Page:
Canadian Musician - January / February - Page 23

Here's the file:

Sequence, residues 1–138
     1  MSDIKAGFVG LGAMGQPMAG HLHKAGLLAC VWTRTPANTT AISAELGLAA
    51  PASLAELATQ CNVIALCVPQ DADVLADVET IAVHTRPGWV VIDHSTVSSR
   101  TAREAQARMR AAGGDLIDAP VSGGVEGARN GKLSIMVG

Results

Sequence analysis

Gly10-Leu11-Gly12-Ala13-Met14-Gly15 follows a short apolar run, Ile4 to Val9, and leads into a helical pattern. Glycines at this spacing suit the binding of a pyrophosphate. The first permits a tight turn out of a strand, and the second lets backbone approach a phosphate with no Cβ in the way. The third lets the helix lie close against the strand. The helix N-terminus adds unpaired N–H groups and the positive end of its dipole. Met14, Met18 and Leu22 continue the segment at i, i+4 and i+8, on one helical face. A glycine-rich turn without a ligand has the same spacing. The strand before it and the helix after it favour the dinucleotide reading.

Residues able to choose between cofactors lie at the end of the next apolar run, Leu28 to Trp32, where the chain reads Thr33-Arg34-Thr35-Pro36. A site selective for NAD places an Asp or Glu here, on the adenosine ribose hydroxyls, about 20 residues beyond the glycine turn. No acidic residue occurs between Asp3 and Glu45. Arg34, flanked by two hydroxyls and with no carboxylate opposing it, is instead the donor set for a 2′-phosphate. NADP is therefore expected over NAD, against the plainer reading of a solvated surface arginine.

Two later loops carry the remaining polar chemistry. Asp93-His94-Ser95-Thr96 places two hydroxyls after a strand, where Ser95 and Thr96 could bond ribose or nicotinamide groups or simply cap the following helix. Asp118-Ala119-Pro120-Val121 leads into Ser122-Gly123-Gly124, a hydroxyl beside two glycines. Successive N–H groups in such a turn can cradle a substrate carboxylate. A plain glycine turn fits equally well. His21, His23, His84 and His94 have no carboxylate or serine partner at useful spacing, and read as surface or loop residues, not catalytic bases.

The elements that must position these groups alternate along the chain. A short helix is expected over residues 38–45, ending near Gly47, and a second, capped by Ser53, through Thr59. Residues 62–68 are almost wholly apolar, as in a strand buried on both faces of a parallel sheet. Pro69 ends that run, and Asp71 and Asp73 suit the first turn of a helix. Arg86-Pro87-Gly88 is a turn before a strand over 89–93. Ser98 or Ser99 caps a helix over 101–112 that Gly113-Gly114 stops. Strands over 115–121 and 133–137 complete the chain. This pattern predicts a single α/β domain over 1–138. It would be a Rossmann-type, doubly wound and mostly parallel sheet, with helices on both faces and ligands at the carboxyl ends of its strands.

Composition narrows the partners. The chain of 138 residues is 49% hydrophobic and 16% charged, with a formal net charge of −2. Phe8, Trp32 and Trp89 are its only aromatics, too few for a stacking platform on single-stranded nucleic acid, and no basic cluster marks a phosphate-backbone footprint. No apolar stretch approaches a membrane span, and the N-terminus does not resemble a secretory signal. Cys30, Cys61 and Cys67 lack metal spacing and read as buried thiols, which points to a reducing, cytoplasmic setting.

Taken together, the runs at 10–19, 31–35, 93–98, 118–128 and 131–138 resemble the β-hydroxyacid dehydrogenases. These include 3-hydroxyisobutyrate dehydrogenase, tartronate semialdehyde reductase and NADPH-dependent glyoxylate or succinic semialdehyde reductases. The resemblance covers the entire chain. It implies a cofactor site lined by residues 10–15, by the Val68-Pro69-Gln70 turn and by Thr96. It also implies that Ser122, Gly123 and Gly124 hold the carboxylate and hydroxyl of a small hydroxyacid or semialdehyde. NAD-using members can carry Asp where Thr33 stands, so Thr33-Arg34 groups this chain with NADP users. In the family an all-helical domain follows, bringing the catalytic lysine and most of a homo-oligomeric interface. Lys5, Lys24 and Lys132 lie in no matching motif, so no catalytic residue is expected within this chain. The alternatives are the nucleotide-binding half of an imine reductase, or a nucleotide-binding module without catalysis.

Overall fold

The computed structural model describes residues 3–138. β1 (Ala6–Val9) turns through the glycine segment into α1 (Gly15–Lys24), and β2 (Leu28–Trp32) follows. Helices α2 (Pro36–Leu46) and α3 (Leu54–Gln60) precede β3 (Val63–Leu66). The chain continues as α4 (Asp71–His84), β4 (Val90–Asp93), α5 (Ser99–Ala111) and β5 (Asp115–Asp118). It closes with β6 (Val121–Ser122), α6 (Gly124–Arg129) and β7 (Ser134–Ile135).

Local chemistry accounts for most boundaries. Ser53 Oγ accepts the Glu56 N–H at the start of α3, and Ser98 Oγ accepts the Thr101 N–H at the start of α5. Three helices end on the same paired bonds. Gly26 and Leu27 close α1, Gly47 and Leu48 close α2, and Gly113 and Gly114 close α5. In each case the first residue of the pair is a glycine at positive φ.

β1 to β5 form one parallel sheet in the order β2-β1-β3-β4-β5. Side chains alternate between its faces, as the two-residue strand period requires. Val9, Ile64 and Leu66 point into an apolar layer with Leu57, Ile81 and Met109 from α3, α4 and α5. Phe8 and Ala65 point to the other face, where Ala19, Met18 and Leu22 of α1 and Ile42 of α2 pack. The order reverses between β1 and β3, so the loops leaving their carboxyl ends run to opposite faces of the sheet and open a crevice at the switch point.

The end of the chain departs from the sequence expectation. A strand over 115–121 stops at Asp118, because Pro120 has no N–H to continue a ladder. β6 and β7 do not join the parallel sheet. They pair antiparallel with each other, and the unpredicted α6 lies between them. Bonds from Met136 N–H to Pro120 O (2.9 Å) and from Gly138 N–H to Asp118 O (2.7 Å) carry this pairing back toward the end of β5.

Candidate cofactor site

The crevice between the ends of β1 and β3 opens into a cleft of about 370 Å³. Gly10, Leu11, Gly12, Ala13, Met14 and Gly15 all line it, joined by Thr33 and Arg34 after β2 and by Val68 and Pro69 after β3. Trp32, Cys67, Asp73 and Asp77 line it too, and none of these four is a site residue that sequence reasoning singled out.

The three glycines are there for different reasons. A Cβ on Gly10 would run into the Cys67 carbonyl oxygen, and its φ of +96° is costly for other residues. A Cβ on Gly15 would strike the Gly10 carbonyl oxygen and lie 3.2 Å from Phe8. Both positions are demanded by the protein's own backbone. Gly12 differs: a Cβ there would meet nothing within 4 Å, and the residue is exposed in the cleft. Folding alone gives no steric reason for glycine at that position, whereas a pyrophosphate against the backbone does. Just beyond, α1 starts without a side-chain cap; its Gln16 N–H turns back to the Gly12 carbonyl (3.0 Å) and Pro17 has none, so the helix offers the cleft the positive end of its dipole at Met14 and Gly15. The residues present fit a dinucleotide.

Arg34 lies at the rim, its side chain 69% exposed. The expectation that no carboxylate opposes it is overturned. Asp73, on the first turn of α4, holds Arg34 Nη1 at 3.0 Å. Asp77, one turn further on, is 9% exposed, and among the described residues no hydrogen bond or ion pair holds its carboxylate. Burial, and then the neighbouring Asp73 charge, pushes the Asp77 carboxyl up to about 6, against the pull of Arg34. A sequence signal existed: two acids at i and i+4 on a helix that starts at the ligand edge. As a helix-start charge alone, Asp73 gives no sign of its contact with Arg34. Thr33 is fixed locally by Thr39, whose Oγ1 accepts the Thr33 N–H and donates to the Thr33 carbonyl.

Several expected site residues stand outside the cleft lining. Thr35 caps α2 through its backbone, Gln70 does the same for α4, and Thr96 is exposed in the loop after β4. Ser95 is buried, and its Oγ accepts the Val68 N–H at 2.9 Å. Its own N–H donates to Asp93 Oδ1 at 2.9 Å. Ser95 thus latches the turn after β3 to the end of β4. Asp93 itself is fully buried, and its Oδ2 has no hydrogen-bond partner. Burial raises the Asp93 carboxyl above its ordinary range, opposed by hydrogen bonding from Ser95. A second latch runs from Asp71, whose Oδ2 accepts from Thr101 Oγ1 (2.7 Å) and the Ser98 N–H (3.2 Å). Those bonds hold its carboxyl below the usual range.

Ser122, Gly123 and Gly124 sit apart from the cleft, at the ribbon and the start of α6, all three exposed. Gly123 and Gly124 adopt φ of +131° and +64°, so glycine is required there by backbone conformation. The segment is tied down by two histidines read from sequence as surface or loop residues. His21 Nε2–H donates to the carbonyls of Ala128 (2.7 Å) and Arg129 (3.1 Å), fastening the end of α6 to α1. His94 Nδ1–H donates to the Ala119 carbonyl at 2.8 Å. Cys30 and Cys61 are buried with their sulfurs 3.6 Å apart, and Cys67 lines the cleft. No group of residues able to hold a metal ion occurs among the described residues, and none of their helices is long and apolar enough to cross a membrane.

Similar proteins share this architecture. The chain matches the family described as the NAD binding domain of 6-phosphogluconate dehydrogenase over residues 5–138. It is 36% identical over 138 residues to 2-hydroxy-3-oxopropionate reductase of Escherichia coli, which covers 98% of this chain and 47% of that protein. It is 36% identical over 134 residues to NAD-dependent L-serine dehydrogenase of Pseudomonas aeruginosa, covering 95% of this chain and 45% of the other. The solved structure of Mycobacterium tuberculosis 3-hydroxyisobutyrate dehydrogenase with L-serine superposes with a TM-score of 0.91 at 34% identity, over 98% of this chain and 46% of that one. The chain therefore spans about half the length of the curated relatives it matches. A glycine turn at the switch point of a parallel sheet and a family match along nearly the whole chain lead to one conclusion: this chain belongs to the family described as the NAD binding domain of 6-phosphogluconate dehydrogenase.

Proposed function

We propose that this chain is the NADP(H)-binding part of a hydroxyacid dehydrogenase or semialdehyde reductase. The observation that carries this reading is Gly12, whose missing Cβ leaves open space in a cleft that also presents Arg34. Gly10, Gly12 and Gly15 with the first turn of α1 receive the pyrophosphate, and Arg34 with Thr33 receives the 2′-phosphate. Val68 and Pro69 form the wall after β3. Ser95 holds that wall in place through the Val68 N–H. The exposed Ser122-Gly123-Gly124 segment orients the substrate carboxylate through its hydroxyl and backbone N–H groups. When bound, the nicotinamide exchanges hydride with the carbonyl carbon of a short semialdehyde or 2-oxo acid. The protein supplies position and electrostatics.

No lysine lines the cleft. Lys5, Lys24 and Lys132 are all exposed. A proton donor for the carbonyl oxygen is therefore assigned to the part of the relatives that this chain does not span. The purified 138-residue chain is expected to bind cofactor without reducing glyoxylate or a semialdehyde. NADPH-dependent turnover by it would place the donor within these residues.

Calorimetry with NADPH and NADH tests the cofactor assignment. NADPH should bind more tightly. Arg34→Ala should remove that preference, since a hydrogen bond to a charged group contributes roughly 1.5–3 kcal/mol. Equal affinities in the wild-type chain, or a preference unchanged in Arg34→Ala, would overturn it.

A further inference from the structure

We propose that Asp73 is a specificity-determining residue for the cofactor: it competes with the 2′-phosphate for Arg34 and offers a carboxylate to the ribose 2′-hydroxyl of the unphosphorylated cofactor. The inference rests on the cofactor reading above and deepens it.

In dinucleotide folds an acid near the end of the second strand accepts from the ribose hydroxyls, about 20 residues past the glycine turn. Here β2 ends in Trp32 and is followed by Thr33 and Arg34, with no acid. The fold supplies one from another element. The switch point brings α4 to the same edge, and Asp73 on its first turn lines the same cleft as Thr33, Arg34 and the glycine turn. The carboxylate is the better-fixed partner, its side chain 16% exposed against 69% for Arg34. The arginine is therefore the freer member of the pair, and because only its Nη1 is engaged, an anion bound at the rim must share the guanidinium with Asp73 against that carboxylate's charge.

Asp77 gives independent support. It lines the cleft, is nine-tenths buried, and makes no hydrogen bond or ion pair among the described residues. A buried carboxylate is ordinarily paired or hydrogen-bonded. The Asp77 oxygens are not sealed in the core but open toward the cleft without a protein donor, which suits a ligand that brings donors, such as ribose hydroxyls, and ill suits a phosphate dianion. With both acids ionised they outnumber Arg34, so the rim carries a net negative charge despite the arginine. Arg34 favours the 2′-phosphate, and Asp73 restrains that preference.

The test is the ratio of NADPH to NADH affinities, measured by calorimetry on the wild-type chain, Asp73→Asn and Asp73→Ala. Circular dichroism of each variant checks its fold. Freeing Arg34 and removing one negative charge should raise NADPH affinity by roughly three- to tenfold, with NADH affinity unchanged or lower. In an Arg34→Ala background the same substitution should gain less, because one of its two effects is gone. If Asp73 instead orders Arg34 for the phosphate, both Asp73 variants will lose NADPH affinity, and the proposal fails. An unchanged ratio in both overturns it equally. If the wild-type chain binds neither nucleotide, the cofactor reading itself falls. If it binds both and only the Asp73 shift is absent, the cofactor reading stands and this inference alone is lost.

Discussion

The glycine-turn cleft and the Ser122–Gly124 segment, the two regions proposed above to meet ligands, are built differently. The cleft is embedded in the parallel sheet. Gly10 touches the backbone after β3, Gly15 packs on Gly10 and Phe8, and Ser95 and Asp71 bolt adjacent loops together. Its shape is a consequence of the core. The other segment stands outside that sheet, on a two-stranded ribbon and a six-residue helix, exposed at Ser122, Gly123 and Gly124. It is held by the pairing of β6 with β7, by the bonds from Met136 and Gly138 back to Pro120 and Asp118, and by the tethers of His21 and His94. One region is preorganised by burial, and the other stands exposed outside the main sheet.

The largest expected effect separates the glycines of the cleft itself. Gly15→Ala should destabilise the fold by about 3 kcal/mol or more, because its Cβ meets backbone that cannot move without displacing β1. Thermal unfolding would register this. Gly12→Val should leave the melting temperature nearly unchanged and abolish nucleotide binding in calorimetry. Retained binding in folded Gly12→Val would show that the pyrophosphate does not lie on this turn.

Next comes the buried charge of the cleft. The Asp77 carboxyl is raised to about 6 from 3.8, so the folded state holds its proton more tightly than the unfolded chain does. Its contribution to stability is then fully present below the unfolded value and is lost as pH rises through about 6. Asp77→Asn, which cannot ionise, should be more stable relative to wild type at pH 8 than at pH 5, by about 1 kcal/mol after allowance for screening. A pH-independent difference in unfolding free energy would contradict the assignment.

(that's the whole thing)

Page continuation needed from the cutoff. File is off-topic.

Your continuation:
ROAD TEST Exponential Audio Stratus & Symphony Reverb Plug-ins By Ryan McCambridge Y ou may not have heard of Exponential Audio, and in telling you, I may be breaking some sort of Masonic audiophile code. Their plug- ins are like a secret handshake amongst au- dio professionals. Those who know, know. If you’re feeling out of the loop, rest assured that you at least indirectly know Michael Carnes, who is the lifeblood of Exponential Audio, through his nearly 25-year career at Lexicon developing some of the most iconic digital reverbs out there. Carnes started Exponential Audio in 2012 and has since become a leader in reverb plug-in development. PhoenixVerb and R2, along with their surround counterparts, have become indispensable tools to many mixers, especially those in post-production. But with advancements in immersive formats and new ground being covered with their NIMBUS and R4 stereo reverbs, Exponential Audio has now re- leased Stratus and Symphony, very likely the most sophisticated surround reverbs available. The Basics Both Stratus and Symphony will run as 64-bit AAX, AU, VST, or VST3 plug-ins and though they are natively surround reverbs supporting mono though to 7.1 channel formats, they have 3D versions as well, which handle immersive formats like Atmos and Auro-3D. Choices are very limited for reverbs that work in 3D formats; in fact, I’m not sure of any other plug-in reverb that was designed at its inception to be an “immersive” reverb. Even still, each of the reverbs’ channels are de-correlated, so changing the channel format of an instance of Stratus or Symphony won’t colour the sound, which is helpful when delivering in multiple formats. In Use As with Exponential Audio’s previous generation of surround reverbs, Stratus and Symphony are dif- ferentiated by their algorithms and, loosely, their purpose. Stratus’ ancestry is derived from NIMBUS and PhoenixVerb, focusing on naturalness and rec- reating spaces accurately. Symphony, on the other hand, follows the R4 and R2 lineage, which are lush and capable of rich modulation and chorusing. While testing Symphony and Stratus side by side, the distinctions between the two were obvious and I could see unique applications for both. Carnes cites Symphony for use with music and score and Stratus for foley and dialogue, but he’s also quick to note that mixers have found success in the opposite. As with all aspects of mixing, the content dictates which tools are best used, but broadly speaking, I would say that Symphony would shine in moments where there is enough space for the reverb itself to be its own element in the mix. Stratus, on the other hand, would be better for subtlety, where you’re not necessarily trying to draw a listener’s attention W W W. C A N A D I A N M U S I C I A N . CO M STRATUS SYMPHONY 3D to the reverb. This of course doesn’t mean that the inverse can’t be achieved; however, Symphony is definitely a “bigger” reverb, which I could see being too substantial and effected for some situations. Symphony also differentiates itself with its gating abilities and a “Freeze” function that can infinitely sustain the reverb tail for interesting effects. Stratus and Symphony are capable of an incred- ible amount of tailoring. This means that the energy of the reverb can be focused based on your mixing needs and elements of the reverb can be manipu- lated with a surprising amount of specificity. This includes granular control over both the early reflec- tions, which are twice as dense as PhoenixVerbSur- round and R2Surround, as well as the reverb tail. This level of detail in the early reflections helps with realism through directional accuracy and overall perspective within the reverb. This is really where the evolution of digital reverberation lies. 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